Amylase - urine
This is a test that measures the amount of amylase in urine. Amylase is an
Amylase may also be
How the Test is Performed
A urine sample is needed. The test may be performed using:
Clean-catch urine test 24-hour urine collection
How to Prepare for the Test
Many medicines can interfere with test results.
- Your health care provider will tell you if you need to stop taking any medicines before you have this test.
- Do not stop or change your medicines without talking to your provider first.
How the Test will Feel
The test involves only normal urination. There is no discomfort.
Why the Test is Performed
This test is sometimes done to help diagnose pancreatitis and other diseases that affect the pancreas.
The normal range is 2.6 to 21.2 international units per hour (IU/h).
Normal value ranges may vary slightly among different laboratories. Talk to your provider about the meaning of your specific test results.
The example above shows the common measurement range for results for these tests. Some laboratories use different measurements or may test different specimens.
What Abnormal Results Mean
An increased amount of amylase in the urine is called amylasuria. Increased urine amylase levels may be a sign of:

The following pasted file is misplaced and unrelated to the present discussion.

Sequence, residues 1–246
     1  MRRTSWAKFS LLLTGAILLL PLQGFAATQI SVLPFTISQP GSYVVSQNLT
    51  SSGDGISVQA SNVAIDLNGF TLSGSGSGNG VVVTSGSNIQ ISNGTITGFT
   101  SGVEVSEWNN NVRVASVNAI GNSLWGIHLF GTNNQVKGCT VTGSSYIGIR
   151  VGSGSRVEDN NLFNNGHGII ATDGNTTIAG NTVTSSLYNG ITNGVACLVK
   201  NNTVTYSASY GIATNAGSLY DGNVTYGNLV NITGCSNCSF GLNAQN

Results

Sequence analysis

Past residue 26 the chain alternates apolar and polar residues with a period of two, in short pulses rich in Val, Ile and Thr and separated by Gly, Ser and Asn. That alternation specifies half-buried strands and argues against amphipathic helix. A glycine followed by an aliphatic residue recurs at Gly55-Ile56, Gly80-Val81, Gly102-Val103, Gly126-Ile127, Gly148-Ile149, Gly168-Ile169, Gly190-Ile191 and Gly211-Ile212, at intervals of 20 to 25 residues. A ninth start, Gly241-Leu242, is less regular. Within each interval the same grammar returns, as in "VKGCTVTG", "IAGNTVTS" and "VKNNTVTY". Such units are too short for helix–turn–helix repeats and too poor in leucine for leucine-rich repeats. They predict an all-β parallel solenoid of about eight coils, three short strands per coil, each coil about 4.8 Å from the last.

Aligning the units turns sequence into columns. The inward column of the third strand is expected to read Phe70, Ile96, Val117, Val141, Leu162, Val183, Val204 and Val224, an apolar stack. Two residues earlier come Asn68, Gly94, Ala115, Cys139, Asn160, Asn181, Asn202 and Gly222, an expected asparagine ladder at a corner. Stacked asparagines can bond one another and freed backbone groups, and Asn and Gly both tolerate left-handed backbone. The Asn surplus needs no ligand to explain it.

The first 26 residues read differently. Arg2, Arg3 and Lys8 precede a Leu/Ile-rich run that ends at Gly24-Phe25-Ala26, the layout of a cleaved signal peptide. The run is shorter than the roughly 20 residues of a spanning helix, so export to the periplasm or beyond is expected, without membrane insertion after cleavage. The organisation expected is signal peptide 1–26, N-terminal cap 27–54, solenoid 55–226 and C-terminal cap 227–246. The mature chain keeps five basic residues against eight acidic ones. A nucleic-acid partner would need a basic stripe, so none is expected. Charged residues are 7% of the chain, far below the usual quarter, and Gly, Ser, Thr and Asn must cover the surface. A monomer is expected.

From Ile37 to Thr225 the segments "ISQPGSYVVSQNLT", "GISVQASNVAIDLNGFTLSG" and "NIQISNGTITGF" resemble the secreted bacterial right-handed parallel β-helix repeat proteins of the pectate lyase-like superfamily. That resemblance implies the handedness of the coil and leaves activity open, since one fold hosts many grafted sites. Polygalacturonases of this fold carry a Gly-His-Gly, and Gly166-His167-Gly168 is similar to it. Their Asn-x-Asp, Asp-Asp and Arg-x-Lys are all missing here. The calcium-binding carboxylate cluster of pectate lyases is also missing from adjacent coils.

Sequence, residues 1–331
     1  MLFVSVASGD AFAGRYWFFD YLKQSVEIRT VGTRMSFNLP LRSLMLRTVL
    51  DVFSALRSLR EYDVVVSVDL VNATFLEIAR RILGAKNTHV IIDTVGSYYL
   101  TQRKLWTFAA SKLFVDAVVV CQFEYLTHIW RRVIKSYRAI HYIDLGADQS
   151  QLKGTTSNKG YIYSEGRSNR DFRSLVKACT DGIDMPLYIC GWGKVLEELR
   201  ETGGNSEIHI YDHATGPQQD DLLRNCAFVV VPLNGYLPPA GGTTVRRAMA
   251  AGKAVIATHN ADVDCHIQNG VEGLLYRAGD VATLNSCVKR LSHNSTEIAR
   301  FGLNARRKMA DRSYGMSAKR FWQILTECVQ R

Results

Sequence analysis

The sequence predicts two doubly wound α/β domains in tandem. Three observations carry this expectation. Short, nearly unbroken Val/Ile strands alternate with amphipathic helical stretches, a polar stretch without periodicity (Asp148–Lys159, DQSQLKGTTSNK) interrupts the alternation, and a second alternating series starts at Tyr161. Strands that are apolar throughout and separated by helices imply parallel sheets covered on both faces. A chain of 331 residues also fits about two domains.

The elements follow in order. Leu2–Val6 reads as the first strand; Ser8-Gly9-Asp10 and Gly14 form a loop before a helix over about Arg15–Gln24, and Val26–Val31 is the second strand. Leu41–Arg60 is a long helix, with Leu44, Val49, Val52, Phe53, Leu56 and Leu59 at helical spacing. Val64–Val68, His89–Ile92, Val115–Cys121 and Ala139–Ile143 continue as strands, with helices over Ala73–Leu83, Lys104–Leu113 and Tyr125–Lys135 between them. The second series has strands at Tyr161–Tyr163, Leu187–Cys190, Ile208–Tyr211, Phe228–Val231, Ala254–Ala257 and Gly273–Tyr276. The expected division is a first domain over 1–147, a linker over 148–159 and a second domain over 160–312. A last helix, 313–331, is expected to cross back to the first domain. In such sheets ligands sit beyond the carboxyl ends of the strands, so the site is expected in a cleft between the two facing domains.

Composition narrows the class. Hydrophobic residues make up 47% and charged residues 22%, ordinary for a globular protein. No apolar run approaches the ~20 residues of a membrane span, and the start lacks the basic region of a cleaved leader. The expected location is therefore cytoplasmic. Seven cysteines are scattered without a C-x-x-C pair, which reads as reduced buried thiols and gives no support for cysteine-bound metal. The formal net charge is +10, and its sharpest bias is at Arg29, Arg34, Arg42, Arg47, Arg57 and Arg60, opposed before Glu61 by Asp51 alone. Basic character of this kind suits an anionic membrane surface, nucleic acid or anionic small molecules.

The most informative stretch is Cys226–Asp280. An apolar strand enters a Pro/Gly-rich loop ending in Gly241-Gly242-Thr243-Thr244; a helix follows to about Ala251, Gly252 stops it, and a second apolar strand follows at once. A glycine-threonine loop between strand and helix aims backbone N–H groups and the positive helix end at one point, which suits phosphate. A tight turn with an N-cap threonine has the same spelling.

Acute pancreatitis Alcohol consumption Cancer of the pancreas, ovaries, or lungs Cholecystitis
- Ectopic or ruptured
- Gallbladder disease
- Infection of the salivary glands (called sialoadenitis, may be caused by bacteria,
mumpsor a blockage) Intestinal obstruction Pancreatic duct obstruction Pelvic inflammatory disease Perforated ulcer
Decreased amylase levels may be due to:
- Damage to the pancreas
- Kidney disease
Siddiqi HA, Rabinowitz S, Axiotis CA. Laboratory diagnosis of gastrointestinal and pancreatic disorders. In: McPherson RA, Pincus MR, eds. Henry's Clinical Diagnosis and Management by Laboratory Methods. 24th ed. Philadelphia, PA: Elsevier; 2022:chap 23.
Vege SS. Acute pancreatitis. In: Feldman M, Friedman LS, Brandt LJ, eds. Sleisenger and Fordtran’s Gastrointestinal and Liver Disease. 11th ed. Philadelphia, PA: Elsevier; 2021:chap 58.
Review Date: 04/30/2021
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